Listen. Is a $2,379 folio-style laptop an impractical and illogical purchase for most people? Yes. But is it a heck of a lot of fun to use while coveting a more luxurious life? Also yes.
I’m currently typing this on a prototype unit of the HP Dragonfly Folio G3, announced today. HP is following in the footsteps of some other laptop manufacturers this year and replacing the traditional 2-in-1 form factor of its high-end convertible line with something a bit more (I guess, in theory) versatile.
For those who don’t obsessively follow the convertible laptop space (and first of all, how could you be so ignorant? Go stand in the corner), the folio design puts a flex point in the middle of the G3’s screen, which that screen is able to rotate backward or forward around. It can also be pulled forward to be angled like a tent over the keyboard, folded into a tablet, or just used like a regular laptop.
Look, this is hard to explain. Just take a look at the pictures, and you’ll know what kind of thing I’m talking about. If you’re familiar with Acer’s ConceptD Ezel, it’s that sort of deal.
Now, the thing about HP doing this, specifically, is that the company has been trying to make this kind of fabric-bound folio luxury doodad a thing for years. It tried it back in 2019 with the Specter Folio, and it did another one last year in the Snapdragon-powered Elite Folio. One wonders if HP’s just bouncing this form factor around different floors of the office so that every department gets its turn. I, for one, will welcome a leather-covered folio-style Omen 45L next year.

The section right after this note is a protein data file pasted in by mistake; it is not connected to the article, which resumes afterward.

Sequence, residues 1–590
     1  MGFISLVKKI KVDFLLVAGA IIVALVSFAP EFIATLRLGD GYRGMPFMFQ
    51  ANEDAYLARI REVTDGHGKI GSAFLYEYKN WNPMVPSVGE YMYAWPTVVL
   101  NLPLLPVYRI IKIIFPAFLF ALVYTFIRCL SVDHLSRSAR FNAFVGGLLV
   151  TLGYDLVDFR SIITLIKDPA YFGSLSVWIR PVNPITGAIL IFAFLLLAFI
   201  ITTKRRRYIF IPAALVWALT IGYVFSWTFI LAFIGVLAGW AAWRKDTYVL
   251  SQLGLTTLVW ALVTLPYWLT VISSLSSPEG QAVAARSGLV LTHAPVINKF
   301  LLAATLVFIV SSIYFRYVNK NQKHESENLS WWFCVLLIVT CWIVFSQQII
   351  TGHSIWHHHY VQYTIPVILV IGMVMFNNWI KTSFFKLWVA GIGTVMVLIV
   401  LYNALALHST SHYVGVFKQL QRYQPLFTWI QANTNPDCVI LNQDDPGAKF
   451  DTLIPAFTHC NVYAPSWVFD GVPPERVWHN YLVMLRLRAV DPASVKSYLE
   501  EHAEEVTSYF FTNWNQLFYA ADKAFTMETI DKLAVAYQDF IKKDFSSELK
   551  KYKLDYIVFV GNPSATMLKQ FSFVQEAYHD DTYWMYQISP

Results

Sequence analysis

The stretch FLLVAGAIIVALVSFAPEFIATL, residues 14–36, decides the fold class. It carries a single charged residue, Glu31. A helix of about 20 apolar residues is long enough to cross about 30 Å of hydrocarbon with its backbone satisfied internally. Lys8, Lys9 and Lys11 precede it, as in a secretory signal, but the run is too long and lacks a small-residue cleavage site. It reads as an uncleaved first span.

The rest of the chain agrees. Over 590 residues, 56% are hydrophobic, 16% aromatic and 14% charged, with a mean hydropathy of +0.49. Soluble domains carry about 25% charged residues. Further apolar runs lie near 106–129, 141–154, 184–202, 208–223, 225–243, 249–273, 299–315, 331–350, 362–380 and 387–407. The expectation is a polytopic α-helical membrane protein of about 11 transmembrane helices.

Regardless, today, the folio design has come for the very expensive, C-suite-targeted Dragonfly business line. And you know what? It’s a good time.
Using this thing (which, again, I recognize is too expensive for humans to actually buy) really looks and feels like using a Dragonfly. It’s a bit thick, including the cute little cover, but does not feel thick at all. Sliding it into a backpack feels like sliding a notebook in.
The prototype’s chassis is sturdy, flex-free, and easy to fold into different positions. When I watched stuff, or was on a particularly long Zoom call, I used it like a tent. When I needed the keyboard again, it popped right back into laptop mode. I wish everything in life were so easy.
While I know better than to expect too much out of prototype units, I just keep running into stuff that’s weirdly great about this one. The keyboard is one of the clickiest, most comfortable ones that I’ve used for quite some time. The 8MP webcam is crisp and clear. The speakers sound good at nowhere near maximum volume. Even the key backlighting just looks quite beautiful to me. (I was not, by the way, saying all of this stuff about the clamshell Dragonfly G3 prototype I took for a spin earlier this year.)
I can’t speak to this thing’s performance since it’s a preproduction unit. I do feel compelled, however, to tease one thing: I’ve barely needed to plug it in during my testing period. That, to me, is a good sign for the kind of battery life we might see from the final unit.
Honestly — and this is a thing I feel like I’ve said about so many excellent machines this year — if this thing didn’t have negative seven ports (okay, that’s an exaggeration — there are Thunderbolt 4 and a headphone jack), I would be trying to keep it for as long as possible. Some laptops have an unspeakable quality that makes them fun to use, and these folio ones really are fun. I can run all the benchmarks in the world on a thing, and then I can also ask myself: am I sad that I have to return it? The answer, for the Folio G3, is yes. I am going to miss this little thing.
Photography by Monica Chin / The Verge